The Passage (The Passage, #1) The Passage discussion


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First 8 years, good or bad?

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Gary Welch In the second half of this book the children were left to have a childhood for the first 8 years of their life and not exposed to the darkness of the world. what are your feelings?

My mom and I did not agree on this. I thought it was nice to let them have a childhood.


Gary Welch My mom did not like the fact they did not raise or live with their children. I have a 3 year old so I can see where she is coming from, but still 8 years of a childhood is better then nothing.


Sharon Dwyer As nice as it may seem, the cruelty of throwing the truth at them all at once negated those first eight years. After living in total innocence the reality throws them into total confusion. Wrong in every aspect. When they are let out into the real world they are expected to become adults right away with training and manning the walls. So what good did those eight years do other than have them live in a fantasy world that fell apart in a matter of minutes at eight years old and not having a close parent there with them.
Made no sense to me. Athough I did like that book and the next one.


Lynne I almost gave up on this book at the start. Didn't care for the first 1/3 or so, managed to hang on and did enjoy the next 2/3 much more. Not sure if I'll continue reading the next installment.


Becky Lynne wrote: "I almost gave up on this book at the start. Didn't care for the first 1/3 or so, managed to hang on and did enjoy the next 2/3 much more. Not sure if I'll continue reading the next installment."

I agree with you, Lynn... I kept holding on that the book would get better, and it did, somewhat. Book 2 was similar - hard to get through. But there is something about the story that is so different and interesting that I want to find out what happens next.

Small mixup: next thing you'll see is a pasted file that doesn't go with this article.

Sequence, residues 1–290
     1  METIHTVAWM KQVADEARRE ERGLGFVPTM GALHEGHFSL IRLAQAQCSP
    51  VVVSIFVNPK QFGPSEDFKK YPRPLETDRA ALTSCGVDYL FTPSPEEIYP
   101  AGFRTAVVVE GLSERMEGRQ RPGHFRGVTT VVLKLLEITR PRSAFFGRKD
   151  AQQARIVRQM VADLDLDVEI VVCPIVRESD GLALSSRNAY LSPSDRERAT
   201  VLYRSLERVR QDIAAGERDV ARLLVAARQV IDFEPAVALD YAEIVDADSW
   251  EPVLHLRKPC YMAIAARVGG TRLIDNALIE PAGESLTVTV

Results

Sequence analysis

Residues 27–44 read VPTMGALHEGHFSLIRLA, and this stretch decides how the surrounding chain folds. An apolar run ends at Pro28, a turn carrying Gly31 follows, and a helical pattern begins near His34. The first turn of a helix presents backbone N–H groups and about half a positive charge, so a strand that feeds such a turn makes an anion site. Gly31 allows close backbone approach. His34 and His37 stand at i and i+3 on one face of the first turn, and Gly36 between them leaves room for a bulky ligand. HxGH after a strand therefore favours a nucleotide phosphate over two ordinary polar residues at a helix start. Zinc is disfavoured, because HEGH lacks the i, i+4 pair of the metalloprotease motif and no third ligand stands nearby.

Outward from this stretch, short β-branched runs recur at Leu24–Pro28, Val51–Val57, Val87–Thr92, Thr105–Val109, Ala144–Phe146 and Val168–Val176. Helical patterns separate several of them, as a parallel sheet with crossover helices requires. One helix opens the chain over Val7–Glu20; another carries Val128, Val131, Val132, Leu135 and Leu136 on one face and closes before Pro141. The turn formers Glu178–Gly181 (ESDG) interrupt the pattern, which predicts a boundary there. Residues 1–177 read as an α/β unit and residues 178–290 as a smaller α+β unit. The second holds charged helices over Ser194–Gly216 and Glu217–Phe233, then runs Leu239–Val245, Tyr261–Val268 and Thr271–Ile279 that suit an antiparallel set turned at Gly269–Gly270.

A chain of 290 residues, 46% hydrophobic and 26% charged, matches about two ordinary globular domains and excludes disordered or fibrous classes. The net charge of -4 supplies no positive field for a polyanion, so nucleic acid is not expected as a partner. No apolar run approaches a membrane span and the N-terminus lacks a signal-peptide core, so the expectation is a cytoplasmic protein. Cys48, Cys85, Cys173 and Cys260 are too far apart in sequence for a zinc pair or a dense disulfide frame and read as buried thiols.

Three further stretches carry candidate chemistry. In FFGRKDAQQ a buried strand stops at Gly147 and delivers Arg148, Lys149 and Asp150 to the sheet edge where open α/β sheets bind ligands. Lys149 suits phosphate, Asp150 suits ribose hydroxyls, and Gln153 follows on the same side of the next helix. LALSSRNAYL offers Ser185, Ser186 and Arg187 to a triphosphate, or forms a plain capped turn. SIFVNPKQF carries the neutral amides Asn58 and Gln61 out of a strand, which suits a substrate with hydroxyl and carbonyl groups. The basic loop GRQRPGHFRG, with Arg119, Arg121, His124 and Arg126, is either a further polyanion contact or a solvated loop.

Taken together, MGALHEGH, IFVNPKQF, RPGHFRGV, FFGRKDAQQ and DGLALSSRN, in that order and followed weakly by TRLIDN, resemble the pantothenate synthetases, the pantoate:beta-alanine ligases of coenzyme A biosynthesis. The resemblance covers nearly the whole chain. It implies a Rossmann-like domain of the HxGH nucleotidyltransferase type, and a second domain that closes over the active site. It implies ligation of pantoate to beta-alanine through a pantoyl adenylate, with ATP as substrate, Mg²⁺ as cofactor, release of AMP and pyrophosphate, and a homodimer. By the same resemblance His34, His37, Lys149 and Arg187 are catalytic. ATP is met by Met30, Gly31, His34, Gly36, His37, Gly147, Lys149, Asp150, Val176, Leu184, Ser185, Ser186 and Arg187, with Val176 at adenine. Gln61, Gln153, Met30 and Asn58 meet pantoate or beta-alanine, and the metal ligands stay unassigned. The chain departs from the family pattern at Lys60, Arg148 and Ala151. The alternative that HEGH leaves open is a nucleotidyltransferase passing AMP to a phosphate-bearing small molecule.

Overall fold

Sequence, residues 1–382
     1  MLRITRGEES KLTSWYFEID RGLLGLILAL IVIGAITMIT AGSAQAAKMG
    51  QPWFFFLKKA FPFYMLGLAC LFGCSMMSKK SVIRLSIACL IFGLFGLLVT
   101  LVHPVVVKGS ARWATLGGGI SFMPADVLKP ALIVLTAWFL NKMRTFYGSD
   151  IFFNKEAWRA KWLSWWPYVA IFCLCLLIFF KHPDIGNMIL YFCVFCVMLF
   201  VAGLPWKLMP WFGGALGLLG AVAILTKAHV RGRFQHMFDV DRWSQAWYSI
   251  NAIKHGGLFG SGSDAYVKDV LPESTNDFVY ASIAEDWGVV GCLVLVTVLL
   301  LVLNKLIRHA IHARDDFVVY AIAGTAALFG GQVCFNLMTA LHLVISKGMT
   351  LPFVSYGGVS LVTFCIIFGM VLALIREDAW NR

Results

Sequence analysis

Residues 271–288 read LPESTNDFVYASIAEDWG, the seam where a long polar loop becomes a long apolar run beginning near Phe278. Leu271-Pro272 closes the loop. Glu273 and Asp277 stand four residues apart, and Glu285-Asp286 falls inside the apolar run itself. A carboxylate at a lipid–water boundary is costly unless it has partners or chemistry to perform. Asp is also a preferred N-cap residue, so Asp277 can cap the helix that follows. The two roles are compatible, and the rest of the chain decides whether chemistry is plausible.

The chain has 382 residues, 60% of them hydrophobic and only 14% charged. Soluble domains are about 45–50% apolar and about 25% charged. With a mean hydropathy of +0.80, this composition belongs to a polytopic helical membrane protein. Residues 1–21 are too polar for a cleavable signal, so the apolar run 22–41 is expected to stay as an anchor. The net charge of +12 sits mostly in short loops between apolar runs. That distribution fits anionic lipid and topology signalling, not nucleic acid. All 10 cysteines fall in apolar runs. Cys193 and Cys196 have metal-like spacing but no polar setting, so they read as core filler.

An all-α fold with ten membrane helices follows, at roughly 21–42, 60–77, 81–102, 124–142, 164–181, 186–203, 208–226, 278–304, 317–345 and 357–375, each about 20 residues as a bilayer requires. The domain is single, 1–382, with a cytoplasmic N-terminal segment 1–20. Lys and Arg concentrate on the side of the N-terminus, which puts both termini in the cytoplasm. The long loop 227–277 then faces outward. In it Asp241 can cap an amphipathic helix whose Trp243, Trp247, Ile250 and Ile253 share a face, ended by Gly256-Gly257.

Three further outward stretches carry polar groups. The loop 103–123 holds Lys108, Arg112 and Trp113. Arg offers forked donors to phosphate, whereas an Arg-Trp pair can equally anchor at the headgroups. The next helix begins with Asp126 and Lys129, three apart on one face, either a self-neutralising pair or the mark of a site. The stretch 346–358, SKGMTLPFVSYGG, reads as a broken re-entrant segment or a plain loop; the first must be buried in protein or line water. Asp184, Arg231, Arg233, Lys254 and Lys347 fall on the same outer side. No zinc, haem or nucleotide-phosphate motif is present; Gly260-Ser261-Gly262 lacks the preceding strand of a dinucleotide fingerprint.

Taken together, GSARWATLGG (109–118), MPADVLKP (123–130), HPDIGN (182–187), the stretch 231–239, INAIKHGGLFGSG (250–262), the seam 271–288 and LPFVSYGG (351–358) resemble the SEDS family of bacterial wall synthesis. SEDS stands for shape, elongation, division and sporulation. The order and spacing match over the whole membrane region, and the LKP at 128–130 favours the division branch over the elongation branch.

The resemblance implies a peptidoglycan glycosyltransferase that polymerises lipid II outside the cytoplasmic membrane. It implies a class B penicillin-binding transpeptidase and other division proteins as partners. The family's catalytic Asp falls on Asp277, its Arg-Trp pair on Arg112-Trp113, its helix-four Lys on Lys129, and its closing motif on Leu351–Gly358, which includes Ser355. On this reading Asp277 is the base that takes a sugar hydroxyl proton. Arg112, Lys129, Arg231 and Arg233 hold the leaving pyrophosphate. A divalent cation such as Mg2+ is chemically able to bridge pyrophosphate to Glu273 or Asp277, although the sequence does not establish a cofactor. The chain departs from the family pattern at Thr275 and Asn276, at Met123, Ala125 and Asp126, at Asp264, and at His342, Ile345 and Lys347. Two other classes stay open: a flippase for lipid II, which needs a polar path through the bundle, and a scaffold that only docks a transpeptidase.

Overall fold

Becky I liked that they gave the children the Sancturary. And I liked how the young mothers lived in house for a time. But keep in mind that the Sancturary serves another purpose; with so much to be done in such a small community, the parents have a chance to tend to their responsibilities knowing the children are in a safe place. As they say, it takes a village.


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Rob Falcon I liked the idea of having kids kept from the ugly truth. I have some friends that tell their kids there is no Santa, when there obviously is! The "magic" is only available for so long, why push a harsh reality so quickly.


Salem Patterson Becky wrote: "But keep in mind that the Sancturary serves another purpose; with so much to be done..."

Very good point, Becky! I don't believe I ever thought about it from that aspect.


Gary Welch Sharon wrote: "As nice as it may seem, the cruelty of throwing the truth at them all at once negated those first eight years. After living in total innocence the reality throws them into total confusion. Wrong in..."

There are times in the book the characters talk about times spent at the school, positively. They would not have that if they were just raised into the current world.

But now that I have read the second book, and seen a different approach, Texas, I would still want those 8 years.


Becky Salem wrote: "Becky wrote: "But keep in mind that the Sancturary serves another purpose; with so much to be done..."

Very good point, Becky! I don't believe I ever thought about it from that aspect."


Thanks, Salem! It's basicly a glorified daycare, when you really think about it.


Andrew Ogilvie I think the idea of a sanctuary is good, but they should prep the kids more when they leave.

In reality the World, in the book, is not safe. And danger can easily enter the sanctuary.

But as many have said before its important to have a childhood.


Tracy I like that they tried to give them an innocent childhood. I do think that they sheltered them a little too much though. The children could have been exposed to the reality of the outside world a little more without ruining their opportunity of having a relatively carefree childhood. If they had been slightly exposed then it would not have been such a harsh shock when they turned 8.


Becky Tracy wrote: "I like that they tried to give them an innocent childhood. I do think that they sheltered them a little too much though. The children could have been exposed to the reality of the outside world a..."

Good point! It makes me think that if it is all they know, then it is their 'normal'.


Tracy Becky wrote: It makes me think that if it is all they know, then it is their 'normal'.

Exactly. It is "normal" for them as they have never known anything else. For example I used to have a friend who was deaf. Whenever anyone would try to have pity on her or anything she would always say that it was normal for her as she never knew what it would have been like to be able to hear - she had no way to know what she was "missing". She said if she had lost her hearing when she was older then yes it would have sucked because she would have known what was missing but she never knew any different so it was normal for her.


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